A meeting of the mums
Seattle Times staff reporter
Mariner officials had their long-awaited meeting yesterday in Miami with free-agent shortstop Alex Rodríguez and agent Scott Boras. Beyond that, neither side was saying much.
"Alex told us he is interested in coming back to Seattle," Mariner General Manager Pat Gillick said in a cautiously worded statement released by the club. "Now that we have ascertained his level of interest in returning, we will make organizational decisions with this in mind."
A club official said no offer was made. The assumption is that if one is forthcoming, it may be at baseball's winter meetings in Dallas, which begin today.
Neither side was being expansive about what happened in the meeting room of a Miami hotel. Boras did not return a phone call, nor did Mariner CEO and chairman Howard Lincoln or president Chuck Armstrong, who were in Seattle.
Boras is expected to attend the Dallas meetings, as will several other upper-level Mariner management personnel. However, Lincoln is not expected in Dallas, as the gathering does not directly involve owners.
Meanwhile, the Chicago Tribune reported that the White Sox, one of five clubs believed most centrally involved in the Rodríguez derby, have offered Rodríguez a deal for six to eight years at $16 million to $18 million per season.
A Mariner official said the meeting in Miami lasted about three hours. It is unknown whether the sides have another meeting set.
The oblique statement released by the Mariners quoted Gillick, "We had a good discussion on a variety of issues. Alex has taken a keen interest in the scouting and player development part of a major-league franchise, and we were able to spend some time on the fine job Roger (Jongewaard) and our minor-league department do on drafting and preparing players for the majors.
"We also reinforced to Alex that our No. 1 priority at the Mariners is to win on a consistent basis. Everything we do as an organization is directed at accomplishing that goal.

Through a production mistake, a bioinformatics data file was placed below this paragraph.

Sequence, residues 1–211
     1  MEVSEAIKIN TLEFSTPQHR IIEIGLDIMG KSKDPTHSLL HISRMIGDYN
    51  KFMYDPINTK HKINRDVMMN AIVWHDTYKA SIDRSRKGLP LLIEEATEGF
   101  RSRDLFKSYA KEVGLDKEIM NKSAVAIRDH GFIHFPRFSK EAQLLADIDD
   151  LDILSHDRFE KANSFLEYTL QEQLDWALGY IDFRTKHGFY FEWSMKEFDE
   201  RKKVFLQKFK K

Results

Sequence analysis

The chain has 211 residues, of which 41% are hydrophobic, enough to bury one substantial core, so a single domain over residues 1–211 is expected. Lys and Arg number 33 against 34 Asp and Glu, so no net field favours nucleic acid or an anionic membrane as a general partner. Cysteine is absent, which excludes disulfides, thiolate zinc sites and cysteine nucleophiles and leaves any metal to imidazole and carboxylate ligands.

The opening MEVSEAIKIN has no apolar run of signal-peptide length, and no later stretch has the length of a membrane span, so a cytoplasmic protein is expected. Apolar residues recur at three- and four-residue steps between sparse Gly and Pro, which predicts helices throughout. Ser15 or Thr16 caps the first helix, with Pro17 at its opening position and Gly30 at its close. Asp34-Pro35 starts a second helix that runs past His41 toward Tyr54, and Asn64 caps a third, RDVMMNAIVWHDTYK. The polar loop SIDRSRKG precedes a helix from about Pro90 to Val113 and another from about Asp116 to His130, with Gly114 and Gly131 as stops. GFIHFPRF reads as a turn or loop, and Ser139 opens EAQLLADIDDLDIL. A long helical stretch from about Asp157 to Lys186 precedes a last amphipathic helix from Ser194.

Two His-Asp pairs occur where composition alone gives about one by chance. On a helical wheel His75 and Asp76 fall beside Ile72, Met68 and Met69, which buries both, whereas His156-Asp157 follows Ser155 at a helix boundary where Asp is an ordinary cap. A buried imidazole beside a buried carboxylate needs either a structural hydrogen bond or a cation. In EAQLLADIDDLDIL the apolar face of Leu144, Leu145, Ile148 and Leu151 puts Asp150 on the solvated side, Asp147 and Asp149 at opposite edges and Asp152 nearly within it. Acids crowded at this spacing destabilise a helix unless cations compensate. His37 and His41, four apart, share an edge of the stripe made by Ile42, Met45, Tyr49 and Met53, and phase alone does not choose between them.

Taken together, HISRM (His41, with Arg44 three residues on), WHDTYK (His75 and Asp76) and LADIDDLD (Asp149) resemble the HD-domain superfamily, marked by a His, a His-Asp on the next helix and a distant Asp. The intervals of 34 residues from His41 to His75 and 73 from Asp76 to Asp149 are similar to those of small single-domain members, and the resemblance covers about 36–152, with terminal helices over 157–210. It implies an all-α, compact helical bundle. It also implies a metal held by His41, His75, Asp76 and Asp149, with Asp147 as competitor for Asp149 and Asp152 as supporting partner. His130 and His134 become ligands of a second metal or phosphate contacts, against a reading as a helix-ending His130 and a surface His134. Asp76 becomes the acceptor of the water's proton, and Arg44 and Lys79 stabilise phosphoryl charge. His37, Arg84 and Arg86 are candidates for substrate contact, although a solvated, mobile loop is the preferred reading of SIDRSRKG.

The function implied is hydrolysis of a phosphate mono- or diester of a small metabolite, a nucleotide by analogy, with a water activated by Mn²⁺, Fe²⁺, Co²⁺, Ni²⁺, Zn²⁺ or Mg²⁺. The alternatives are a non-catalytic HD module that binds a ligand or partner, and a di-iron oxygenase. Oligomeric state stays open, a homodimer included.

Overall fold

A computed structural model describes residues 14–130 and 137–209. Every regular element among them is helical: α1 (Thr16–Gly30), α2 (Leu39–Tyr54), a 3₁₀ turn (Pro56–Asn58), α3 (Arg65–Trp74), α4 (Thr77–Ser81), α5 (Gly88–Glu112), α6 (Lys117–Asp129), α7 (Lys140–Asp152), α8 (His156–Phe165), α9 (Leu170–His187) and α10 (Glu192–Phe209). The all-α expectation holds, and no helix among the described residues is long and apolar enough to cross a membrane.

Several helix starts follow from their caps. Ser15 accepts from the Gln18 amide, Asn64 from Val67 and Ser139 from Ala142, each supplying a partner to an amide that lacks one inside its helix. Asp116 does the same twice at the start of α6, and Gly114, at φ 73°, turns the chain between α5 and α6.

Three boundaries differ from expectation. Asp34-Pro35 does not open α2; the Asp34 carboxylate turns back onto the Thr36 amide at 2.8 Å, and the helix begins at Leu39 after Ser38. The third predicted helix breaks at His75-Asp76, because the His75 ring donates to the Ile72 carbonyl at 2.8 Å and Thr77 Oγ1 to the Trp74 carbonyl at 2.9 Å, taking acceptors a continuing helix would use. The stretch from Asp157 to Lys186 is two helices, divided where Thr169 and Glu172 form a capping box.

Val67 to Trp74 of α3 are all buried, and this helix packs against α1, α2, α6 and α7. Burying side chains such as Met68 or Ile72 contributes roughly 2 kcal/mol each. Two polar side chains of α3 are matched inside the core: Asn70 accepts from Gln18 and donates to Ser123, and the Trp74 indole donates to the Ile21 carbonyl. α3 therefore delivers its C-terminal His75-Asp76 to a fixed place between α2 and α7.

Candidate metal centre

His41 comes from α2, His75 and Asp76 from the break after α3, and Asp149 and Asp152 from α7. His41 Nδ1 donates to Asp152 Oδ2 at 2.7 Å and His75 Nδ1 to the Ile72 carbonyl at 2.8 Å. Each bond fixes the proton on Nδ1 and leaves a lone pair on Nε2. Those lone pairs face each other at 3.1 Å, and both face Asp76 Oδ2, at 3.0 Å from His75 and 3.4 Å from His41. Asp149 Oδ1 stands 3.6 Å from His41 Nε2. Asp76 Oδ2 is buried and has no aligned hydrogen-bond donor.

"At today's meeting, we were also attempting to determine whether or not Alex really is interested in playing for the Mariners. Alex told us he is interested. ... "
Unclear is how deep the discussion went into potential sticky issues surrounding the negotiations: Boras' reported demand for a contract as long as 12 years at $20 million annually; an escalator clause that would keep Rodríguez at or near the top in baseball salaries; an "out" clause that could provide for Rodríguez's escape if the club is not on a satisfactory course; and his much-publicized belief that the fences at Safeco Field need to be moved in "substantially."
The Rodríguez sweepstakes should heat up in Dallas, with Atlanta, Texas, Colorado and the White Sox seen as the primary competition for the Mariners and teams like the New York Mets, Baltimore and the Los Angeles Dodgers still possible.
Although Boras might relish the prospect of standing on a podium with Rodríguez before the national media to discuss another record-setting contract, he said he's not about to rush the process for the sake of some extra headlines.
"There's never been another slugging shortstop to compare with Alex Rodríguez," Boras said. "I don't think anyone realizes how complex this negotiation is."
If Rodríguez needs any advice, a former teammate is ready.
Ken Griffey Jr., traded by the Mariners last winter to the Cincinnati Reds, said he knew exactly what he would tell Rodríguez.
"Just be patient," Griffey said yesterday at a charity bowling event in Manhattan. "Just hang in there.
"We talked a couple of times during the season, but not about this. If he asked my advice now, I'd give it to him or find someone who could help him."
Griffey got a $116.5 million, nine-year contract from the Reds. Rodríguez's deal is expected to dwarf that, no matter where he goes.
"If someone wants something and someone gives it to him, that's between the owner and player," Griffey said. "I have no problem with that."
The Associated Press contributed to this report.
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